Last Wednesday, half of the licensed Pennsylvanian casinos proved that they are willing to do whatever is legally possible to protect their rights after they filed yet another lawsuit against the Pennsylvania Lottery. The state hosts a wide array of gaming offering one of which is the iLottery that has been subject to a ton of criticism in the past few months due to the resemblance of its offerings to slot machine offering typically found in brick-and-mortar casinos.
Seven of the Keystone State’s operators have decided to take up the matter in the state court hoping that lawsuit will see to the end of the online lottery operation. The casinos – Meadows Casino Racetrack Hotel, Parx Casino, Hollywood Casino at Penn National Race Course, Harrah’s Philadelphia Casino & Racetrack, Stadium Casino, Valley Forge Casino Resort, and Mohegan Sun Pocono – have formed a coalition to pursue the issue following recent finding that both tribal and commercial casino developers have experienced the supposed negative impact of the Lottery’s online games.
In the lawsuits, the casinos explicitly outline their argument that the offerings provided by the recently launched iLottery program resemble traditional casino games to a very great extent.
“All of the iLottery games feature the same user interface as a slot machine, and have the same interactive appearance, feel and play experience that a player would expect from land-based and online slot machines,” the seven casinos wrote in the complaint that was filed in the Commonwealth Court. “These features include graphics, animation, suspenseful music, flashing lights, bells or sounds played when combinations are hit, and similar visual and auditory features.”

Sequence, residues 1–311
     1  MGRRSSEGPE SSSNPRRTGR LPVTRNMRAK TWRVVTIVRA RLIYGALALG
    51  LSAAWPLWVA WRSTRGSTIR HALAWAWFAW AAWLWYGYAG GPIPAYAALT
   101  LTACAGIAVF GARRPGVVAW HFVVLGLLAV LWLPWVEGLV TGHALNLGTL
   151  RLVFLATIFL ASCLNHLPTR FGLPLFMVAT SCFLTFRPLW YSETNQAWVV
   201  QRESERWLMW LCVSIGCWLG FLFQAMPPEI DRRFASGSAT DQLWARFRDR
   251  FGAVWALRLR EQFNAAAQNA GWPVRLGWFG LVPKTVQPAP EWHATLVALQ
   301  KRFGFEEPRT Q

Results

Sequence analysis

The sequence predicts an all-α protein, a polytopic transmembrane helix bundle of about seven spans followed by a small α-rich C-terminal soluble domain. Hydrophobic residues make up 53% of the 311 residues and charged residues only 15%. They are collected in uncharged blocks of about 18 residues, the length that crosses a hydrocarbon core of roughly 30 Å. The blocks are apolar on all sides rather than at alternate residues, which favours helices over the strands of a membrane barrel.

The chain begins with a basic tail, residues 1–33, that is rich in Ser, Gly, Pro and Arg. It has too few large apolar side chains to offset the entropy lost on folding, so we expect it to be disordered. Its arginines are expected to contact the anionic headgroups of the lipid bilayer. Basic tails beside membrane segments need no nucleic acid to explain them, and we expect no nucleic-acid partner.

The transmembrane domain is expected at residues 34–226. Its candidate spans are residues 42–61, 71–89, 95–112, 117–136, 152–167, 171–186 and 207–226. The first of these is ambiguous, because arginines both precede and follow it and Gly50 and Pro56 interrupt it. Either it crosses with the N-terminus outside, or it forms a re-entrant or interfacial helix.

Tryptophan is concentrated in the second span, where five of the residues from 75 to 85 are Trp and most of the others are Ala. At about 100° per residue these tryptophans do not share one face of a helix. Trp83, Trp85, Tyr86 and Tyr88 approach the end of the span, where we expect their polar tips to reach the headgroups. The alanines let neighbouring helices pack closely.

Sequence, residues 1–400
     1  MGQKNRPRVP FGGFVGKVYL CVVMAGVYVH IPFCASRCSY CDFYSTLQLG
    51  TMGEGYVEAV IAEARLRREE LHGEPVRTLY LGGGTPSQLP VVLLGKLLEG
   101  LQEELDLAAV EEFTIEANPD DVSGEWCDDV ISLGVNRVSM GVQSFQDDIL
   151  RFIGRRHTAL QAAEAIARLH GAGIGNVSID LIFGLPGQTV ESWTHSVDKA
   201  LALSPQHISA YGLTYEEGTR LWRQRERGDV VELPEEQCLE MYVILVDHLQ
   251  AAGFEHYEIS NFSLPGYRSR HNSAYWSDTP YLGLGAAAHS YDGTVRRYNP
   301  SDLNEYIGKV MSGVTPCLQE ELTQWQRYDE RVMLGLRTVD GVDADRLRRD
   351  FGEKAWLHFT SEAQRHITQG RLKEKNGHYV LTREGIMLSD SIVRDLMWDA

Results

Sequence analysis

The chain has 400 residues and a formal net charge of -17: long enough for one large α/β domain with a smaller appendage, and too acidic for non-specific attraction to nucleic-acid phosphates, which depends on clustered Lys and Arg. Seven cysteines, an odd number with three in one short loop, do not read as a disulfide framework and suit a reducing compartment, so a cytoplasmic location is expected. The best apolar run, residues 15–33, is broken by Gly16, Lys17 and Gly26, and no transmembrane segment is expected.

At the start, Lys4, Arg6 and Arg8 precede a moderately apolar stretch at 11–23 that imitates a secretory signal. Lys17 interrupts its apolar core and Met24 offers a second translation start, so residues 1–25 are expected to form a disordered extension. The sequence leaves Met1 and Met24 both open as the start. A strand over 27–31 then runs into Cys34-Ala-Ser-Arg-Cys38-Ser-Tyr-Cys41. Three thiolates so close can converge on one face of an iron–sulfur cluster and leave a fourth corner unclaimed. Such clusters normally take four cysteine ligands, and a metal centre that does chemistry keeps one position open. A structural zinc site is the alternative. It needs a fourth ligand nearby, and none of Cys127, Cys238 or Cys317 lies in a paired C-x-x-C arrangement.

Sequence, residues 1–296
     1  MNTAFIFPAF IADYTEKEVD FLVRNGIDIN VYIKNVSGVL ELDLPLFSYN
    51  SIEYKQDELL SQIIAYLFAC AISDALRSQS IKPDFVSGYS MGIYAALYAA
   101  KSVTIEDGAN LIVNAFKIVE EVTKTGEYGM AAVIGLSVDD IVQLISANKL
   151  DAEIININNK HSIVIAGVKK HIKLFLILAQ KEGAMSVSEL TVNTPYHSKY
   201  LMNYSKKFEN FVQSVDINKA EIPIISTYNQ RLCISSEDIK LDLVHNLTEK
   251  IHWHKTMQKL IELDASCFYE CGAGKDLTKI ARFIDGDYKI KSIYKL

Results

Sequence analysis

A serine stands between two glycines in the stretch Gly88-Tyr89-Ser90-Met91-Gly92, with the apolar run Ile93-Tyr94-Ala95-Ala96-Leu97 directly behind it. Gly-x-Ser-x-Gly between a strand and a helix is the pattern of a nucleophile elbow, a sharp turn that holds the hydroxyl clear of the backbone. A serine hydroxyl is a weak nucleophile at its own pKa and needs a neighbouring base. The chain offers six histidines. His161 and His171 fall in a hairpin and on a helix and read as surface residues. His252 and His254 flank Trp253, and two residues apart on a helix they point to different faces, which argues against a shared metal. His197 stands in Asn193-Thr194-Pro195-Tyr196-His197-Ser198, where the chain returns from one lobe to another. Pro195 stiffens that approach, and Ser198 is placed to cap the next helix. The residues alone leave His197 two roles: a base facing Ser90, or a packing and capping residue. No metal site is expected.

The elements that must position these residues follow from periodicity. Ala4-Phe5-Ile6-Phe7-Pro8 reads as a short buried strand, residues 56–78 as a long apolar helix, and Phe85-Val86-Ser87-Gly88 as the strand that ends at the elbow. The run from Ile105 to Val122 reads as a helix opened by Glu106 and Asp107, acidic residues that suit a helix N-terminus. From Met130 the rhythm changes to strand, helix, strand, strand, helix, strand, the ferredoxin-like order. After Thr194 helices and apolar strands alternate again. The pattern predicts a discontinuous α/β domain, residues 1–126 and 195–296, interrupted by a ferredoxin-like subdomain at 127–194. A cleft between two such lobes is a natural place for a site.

This will be the second complaint that the Pennsylvanian casinos are filing against the Lottery – the first yielded a sort of win-win outcome with the most significant development being that the Lottery was forced to change the way it marketed its games. However, the same concerns are still being cited by the casinos and the one they seem to find to be most troubling is the possibility of the state gambling field suffering cannibalization at some point in the near future if nothing changes.
The Pa. Lottery Is Yet to Review the Lawsuit
The iLottery whose most recent offering is being considered by the casinos to be “a direct incursion by the state into the exclusive market of the licensed gaming operators” is reportedly yet to review the lawsuit. As such, not much can be said about their next course of action but this will hopefully change in the near future.
“It is important to note that Act 42 authorized the lottery’s new games, which are part of an effort to continue delivering to our customers games that they want and where they want while generating the additional funds to stabilize the Lottery Fund and provide vital services to older Pennsylvanians,” Gary Miller, the Pennsylvania Lottery’s spokesman said.